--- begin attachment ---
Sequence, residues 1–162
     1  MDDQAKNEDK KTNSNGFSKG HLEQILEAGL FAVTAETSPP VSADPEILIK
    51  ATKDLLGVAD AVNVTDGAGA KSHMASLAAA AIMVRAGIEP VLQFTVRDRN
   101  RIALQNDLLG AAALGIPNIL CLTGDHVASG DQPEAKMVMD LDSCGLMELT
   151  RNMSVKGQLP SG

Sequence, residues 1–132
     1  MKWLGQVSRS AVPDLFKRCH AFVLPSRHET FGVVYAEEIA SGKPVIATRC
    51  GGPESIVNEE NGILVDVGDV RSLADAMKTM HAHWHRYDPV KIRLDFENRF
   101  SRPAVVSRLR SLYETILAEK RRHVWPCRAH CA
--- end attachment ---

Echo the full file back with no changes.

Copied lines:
Sequence, residues 1–162
     1  MDDQAKNEDK KTNSNGFSKG HLEQILEAGL FAVTAETSPP VSADPEILIK
    51  ATKDLLGVAD AVNVTDGAGA KSHMASLAAA AIMVRAGIEP VLQFTVRDRN
   101  RIALQNDLLG AAALGIPNIL CLTGDHVASG DQPEAKMVMD LDSCGLMELT
   151  RNMSVKGQLP SG

Sequence, residues 1–132
     1  MKWLGQVSRS AVPDLFKRCH AFVLPSRHET FGVVYAEEIA SGKPVIATRC
    51  GGPESIVNEE NGILVDVGDV RSLADAMKTM HAHWHRYDPV KIRLDFENRF
   101  SRPAVVSRLR SLYETILAEK RRHVWPCRAH CA